His stomach hurt. His muscles ached. He couldn’t get very far from his bucket. There’d be no work for Lucas on Wednesday. The lamplight burned his eyes. A good thing it rained buckets outside today and gloom settled over Willow Creek.
Just like the kids, he pulled a blanket tight on the couch while he watched TV. The shows proved a small distraction, but nothing to brag about. He hadn’t felt this crappy since he couldn’t remember. He scowled at the dark sky outside his windows. Hercules pressed tighter against his leg when thunder rumbled. The dog hated storms.
His home phone rang and he glanced at the I.D. His mom. He picked up and she sounded caught off guard. And then he got it. She was hoping to reach his answering machine. She tried to regroup and said, “Hi! I didn’t expect to catch you at home.”
No kidding. He growled, grumpier than usual. “I caught the kids’ flu.”
She had the grace to hesitate, feeling awkward. “I wanted to let you know ahead of time that I can’t make Thanksgiving this year. My friend invited me to a long weekend in Key West with his parents.”
“His?” Lucas let the one word hang.
He could hear her clear her throat. “I’ve met a very nice man.”
“Someone you’re serious about?”
“We might get married in Florida.”
That caught him off-guard. “You don’t even want him to meet us first? Or is it that you don’t want us to meet him?”
“It’s not like that. This just sort of came up, spur of the moment, and we decided to go for it.”
His stomach rolled, and he pressed his hand to it. “How long have you been seeing him?”
“For a while now. When you meet him, you’ll like him.”
“Are we ever going to meet him?”
“Don’t be silly,” she said. “You’re my sons. Of course, you’ll meet him.”
Bile rose in his throat. “Sorry, Mom, but I have to go. I’m going to be sick again.”
“Because of me?” She sounded offended.
“Because of the flu!” That’s all he had time to say before pulling the bucket to him. He dropped the phone back into its receiver so that she didn’t have to listen.
He and Hercules fell asleep in the afternoon. When the phone rang this time, he had trouble orienting himself. He was home. On a Wednesday. Because he was sick. His stomach felt better than before. He grabbed the phone, expecting it to be his mom again, but his dad sounded startled.
“I didn’t expect you to be home.”
Really? Did everyone wait for him to leave before they phoned his house? “Hi, Dad. I’m sick.”
“That flu that’s going around?”
“It got me.”
Dad hesitated. “I’m not going to be able to make it for Thanksgiving this year. I’m going to my girlfriend’s instead.”
“You have a girlfriend?”
His dad sounded huffy. “You didn’t expect me to sit around, crying about the divorce, did you?”
Apparently not. “Are you two getting serious?”
“She’s a wonderful woman, a gem when it comes to entertaining.”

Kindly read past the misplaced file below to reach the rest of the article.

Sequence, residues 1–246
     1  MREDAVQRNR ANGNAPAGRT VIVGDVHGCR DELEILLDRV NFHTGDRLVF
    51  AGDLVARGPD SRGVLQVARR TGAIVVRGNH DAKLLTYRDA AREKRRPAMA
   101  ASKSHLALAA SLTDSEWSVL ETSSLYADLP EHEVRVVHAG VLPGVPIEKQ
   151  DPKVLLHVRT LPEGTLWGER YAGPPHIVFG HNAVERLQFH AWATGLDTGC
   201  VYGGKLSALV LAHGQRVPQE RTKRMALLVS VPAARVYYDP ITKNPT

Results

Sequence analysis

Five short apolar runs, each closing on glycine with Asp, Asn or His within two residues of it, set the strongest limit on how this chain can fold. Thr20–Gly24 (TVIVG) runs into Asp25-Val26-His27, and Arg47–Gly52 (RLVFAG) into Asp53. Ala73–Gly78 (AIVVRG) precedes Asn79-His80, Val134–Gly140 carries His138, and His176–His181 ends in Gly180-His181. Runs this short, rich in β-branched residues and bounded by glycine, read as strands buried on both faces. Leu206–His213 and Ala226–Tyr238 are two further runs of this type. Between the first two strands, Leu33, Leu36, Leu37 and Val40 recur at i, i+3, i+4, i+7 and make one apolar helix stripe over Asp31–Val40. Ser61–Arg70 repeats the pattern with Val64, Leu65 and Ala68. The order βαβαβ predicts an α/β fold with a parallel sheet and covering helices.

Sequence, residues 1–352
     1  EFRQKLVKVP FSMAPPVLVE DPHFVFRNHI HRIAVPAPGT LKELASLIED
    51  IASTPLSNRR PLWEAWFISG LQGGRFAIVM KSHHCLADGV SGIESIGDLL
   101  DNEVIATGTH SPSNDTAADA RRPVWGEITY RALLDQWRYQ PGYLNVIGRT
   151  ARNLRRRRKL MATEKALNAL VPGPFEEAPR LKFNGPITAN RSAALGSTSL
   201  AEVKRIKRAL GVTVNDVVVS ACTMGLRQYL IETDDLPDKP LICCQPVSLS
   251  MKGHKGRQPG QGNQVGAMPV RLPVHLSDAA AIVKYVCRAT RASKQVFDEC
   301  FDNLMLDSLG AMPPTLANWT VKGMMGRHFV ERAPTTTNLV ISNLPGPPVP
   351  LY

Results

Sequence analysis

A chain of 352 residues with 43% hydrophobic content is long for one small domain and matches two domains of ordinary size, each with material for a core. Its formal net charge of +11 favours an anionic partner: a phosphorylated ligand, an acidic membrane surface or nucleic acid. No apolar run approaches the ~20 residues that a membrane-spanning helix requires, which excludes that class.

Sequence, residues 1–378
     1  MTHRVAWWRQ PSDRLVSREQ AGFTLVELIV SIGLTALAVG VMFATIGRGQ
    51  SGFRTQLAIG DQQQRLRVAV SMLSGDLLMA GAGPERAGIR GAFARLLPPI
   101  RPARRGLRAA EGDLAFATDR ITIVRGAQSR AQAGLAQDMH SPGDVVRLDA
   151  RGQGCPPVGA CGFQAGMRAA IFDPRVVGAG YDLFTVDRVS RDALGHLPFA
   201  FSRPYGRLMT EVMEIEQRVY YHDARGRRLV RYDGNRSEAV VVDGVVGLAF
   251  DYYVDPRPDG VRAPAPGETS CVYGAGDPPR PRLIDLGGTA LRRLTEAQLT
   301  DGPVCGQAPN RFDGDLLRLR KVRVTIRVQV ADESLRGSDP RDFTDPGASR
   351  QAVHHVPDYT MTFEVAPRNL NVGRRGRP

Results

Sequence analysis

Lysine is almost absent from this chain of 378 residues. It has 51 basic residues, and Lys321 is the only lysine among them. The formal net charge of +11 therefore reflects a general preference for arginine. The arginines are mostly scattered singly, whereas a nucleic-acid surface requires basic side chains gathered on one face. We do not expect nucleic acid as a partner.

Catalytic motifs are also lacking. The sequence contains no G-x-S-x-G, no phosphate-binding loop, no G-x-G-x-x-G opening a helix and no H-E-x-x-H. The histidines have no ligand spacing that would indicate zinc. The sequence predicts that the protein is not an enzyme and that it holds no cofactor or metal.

That was important to his dad.
“I hate to say it,” Dad went on, “but it’s time you three boys find someone, too.”
“Probably. Have a nice Thanksgiving, Dad.” They never had much to say to each other. When they hung up, Lucas propped more pillows behind him and turned on the TV again. Next year, would his mom bring her husband and his dad bring his new wife to Thanksgiving? That would be fun to watch. Lots of fireworks. Maybe they’d take turns. Mom would come one year, his dad the next. He really didn’t care.
He felt like the worst of the flu had left him, taking all of his energy with it. He padded to the kitchen and returned with a glass of Sprite and a tube of crackers. He crossed his fingers and hoped they’d stay down. Later, he drifted off to sleep again until someone knocked on his door. Probably Dylan.
‘It’s open. Come in.”
Miss Doore stepped into the living room. She wore jeans and a green sweater. Her copper hair was pulled back in a headband, and she looked especially pretty. He jerked higher on his pillows. He had on his striped pajama bottoms, but his robe was open. He hadn’t washed his face or brushed his teeth, and his hair must be a mess.
She stared at his bare chest for a minute, jerked her gaze up to meet his, and squirmed. “I know you live alone, so I thought I’d bring you some beef and noodles and Jello for when you feel good enough to eat something.”
He stared. “You made them yourself?”
“I like to make a big pot of food to eat during the week so I don’t have to cook when I come home.” She blushed when she told him that. Interesting.
Would Miss Doore stretch the truth? “A smart idea.”
“Some people find me fairly intelligent.”
He grimaced. How did he always feel off-balance with her? “That’s not what I meant. Sorry. My head’s a little fuzzy today.”
She looked sympathetic. “Are you over the worst? I figured you must be. Jordy told me you were up and down most of the night. One of your brothers told him.”
Lucas nodded. “Toby called to check on me since I had the kids when they got sick. We keep track of each other. I ate some crackers and they helped. I might be on the mend.”
“Nice.” She turned toward the door. “I left the food on your kitchen counter. I hope you feel better soon.”
He didn’t want her to leave. “It was awfully nice of you to think of me.”
“You changed my flat tire. I owe you.”
Was that all it was? She’d be like that, ready to return a favor. She looked pointedly at his empty glass. “Would you like me to get you something first? Seven-up?”
“I am thirsty, but I don’t want you to catch this.”
“I can’t miss it. Three kids got sick in class today.”
He wrinkled his nose. “That had to be horrible.”
“Part of teaching.” She went to the kitchen and opened his refrigerator. “What sounds good to you?”
He settled on Sprite and took a quick gulp when she brought it. “Thanks.”
She turned away again. “I’ll let you get more sleep. Feel better soon.”
He felt better already. He’d love to be nursed by Miss Doore seven days a week. After she left, the aroma of beef and noodles made him wander into the kitchen to dish up a bowl. It was delicious.
The woman was smart. She was pretty. And she could cook. He wanted her.